Business Resource Center

Buying an Existing Business

In purchasing an established business, you can eliminate some of the issues associated with starting a brand new business, such as building a customer base or brand and developing products. However, you may also acquire its debts and, possibly, a bad reputation. While the opportunity may be less risky in some respects, you must perform due diligence to ensure that you are fully aware of the terms of the purchase. This process can be complex, and you should consult an expert before beginning. Keep in mind that you will eventually want to employ the services of your banker, accountant, and lawyer before closing the sale.  

There are favorable aspects to buying an existing business, such as drastic reduction in startup costs and the ability to increase cash flow quickly. In addition, it’s generally easier to get financing for an existing business than to start a new one. Bankers and investors often feel more comfortable dealing with a business that already has a proven track record. You may even acquire potentially valuable and profitable copyrights and/or intellectual property.

On the other hand, purchasing costs may be much higher than that of starting a new business because of the initial money that has been invested in the business concept, customer base, brand, etc. Also, be aware of hidden problems associated with the business like uncollectible accounts receivable. If you don’t do your due diligence, you could find yourself dealing with unforeseen and costly issues like obsolete products or insurmountable debt.

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As with any purchase or business endeavor, you want to be selective about the type of business you purchase. You can ask yourself the following questions: Am I familiar with the industry? Does my skillset and disposition match the type of business? Will I enjoy being the owner of this business? What size business will I be comfortable operating? Is the business in a good commercial location? These are just a few suggestions to get you started asking the right questions. You can visit the U.S Small Business Administration’s website for more tips on this topic.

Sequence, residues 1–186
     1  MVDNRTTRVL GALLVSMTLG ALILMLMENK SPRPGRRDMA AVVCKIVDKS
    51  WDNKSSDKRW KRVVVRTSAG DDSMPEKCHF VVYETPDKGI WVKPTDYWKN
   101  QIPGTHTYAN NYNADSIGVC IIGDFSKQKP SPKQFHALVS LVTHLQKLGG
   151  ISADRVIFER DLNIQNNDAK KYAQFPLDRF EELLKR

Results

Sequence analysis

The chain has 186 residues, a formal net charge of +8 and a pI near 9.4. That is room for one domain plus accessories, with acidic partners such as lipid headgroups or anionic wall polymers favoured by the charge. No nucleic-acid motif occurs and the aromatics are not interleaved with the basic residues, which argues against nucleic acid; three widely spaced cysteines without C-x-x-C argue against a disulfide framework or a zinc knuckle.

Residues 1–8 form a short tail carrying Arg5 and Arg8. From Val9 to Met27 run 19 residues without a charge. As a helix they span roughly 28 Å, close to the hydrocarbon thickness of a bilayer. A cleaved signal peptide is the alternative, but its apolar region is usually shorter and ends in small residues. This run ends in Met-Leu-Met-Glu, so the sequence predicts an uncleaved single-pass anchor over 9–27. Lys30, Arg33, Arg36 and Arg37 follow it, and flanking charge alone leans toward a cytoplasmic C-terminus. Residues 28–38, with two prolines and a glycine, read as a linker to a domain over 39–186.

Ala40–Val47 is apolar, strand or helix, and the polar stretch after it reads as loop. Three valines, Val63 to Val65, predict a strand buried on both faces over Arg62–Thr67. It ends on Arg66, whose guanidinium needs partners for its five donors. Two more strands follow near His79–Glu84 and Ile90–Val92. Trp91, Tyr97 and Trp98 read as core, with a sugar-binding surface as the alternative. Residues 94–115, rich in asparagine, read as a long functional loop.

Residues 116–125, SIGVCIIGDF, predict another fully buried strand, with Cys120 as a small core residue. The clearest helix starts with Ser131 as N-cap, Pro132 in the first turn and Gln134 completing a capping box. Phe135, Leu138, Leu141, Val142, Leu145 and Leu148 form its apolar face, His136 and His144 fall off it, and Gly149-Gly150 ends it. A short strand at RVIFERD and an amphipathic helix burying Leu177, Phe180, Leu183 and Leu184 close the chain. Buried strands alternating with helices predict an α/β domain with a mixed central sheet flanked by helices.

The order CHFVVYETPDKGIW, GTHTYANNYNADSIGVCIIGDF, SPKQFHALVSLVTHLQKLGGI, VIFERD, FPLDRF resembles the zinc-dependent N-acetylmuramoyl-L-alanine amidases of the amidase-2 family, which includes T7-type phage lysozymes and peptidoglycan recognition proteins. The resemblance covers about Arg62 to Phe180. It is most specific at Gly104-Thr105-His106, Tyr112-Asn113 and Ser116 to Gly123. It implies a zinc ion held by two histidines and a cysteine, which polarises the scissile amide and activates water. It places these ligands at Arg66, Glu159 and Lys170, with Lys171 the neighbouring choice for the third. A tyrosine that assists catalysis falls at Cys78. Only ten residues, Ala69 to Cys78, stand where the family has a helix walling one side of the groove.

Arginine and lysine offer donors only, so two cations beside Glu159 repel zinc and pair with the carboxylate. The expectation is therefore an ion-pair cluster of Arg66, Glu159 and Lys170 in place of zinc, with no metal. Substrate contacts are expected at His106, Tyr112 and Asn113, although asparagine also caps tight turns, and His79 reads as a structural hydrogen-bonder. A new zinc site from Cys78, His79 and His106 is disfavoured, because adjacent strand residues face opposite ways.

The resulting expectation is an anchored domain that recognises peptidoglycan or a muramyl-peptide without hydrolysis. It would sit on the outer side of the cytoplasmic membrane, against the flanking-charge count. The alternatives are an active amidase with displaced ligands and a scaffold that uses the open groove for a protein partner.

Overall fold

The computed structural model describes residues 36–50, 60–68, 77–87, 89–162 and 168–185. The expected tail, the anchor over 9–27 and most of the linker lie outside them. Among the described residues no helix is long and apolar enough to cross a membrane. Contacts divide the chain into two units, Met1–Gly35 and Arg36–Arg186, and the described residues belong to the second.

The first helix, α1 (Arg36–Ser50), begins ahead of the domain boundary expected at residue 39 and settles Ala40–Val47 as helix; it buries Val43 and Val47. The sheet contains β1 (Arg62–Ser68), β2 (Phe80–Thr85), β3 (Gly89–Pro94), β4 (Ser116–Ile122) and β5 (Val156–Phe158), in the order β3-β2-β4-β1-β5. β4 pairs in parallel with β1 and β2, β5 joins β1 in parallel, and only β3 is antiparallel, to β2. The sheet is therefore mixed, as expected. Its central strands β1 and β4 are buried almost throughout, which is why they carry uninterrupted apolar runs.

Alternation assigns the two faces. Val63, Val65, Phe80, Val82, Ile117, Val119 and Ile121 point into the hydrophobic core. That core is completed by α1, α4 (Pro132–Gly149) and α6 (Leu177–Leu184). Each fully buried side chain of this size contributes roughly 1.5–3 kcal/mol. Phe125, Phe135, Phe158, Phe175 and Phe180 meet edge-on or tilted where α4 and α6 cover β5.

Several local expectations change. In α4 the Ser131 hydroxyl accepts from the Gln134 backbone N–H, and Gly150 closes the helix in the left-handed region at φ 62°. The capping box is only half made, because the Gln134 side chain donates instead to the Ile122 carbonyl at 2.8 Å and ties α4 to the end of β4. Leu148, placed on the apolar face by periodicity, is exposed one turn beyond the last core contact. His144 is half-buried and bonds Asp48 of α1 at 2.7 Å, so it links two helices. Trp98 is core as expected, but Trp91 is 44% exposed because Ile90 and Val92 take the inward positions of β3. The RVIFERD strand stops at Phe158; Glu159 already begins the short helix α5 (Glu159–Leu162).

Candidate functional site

Other than the traditional ways of finding a business to purchase (want ads, for sale signs, Internet listings, etc.), you can reach out to a business broker. Business brokers are generally paid a 5% - 10% commission of the sale price, and can potentially make the purchase process easier for you. They are knowledgeable in negotiating the terms of sale, prescreening businesses, helping you pinpoint your interests and matching them to appropriate businesses, and more. 

Research consists of gathering all of the information specific to the business under consideration for purchase, learning about the industry, market, and all aspects of the business’ operations. Due diligence is the analysis of all of this information to ensure that the purchase agreement is fair to both parties, that the business is viable, and that no information is left uncovered.

A good place to start is by gathering all of the information about each item on the balance sheet and income statement, which can be provided to you by the seller. For the sake of brevity, we will discuss a few key pieces of information to gather and how it will help you in the process of due diligence. An exhaustive list can be found on the SBA website, and online by conducting a simple search.   

  • You will want the details on all of the company’s assets (equipment, products, anything that is owned or leased by the business) in order to determine its condition, value, and how much has been invested in these assets. This will reveal any future costs associated with upgrades, modifications, or remodeling. Inventory is also important so you know how much you will have at the time of purchase, the strength of inventory turnover, its current condition/quality/age, etc. Assigning a value to the inventory can be complex, so you will most likely want to have it appraised.
  • Look at the business’ liabilities. Make note of the type of loans or other debt as well as any past, present, or future legal cases. Accounts receivable and accounts payable should be evaluated to determine how quickly the company gets paid by their clients and how quickly the company pays their own bills. You should investigate any accounts that are older than 90 days. Keep in mind there may be purchase agreements between the company and its clients, so be sure to request copies of contracts and legal documents.
  • Financial statements and tax returns from the past five years are also necessary to get a good picture of the business’ financial and operational health. This information will aid you in determining the value of the company. Verify that the business is currently meeting all of the regulatory and legal requirements for operations. You can ask the company for documents related to this, but it is a good idea to find out the requirements on your own. Conduct your research carefully because it is ultimately your responsibility to understand the risks of your current or future business.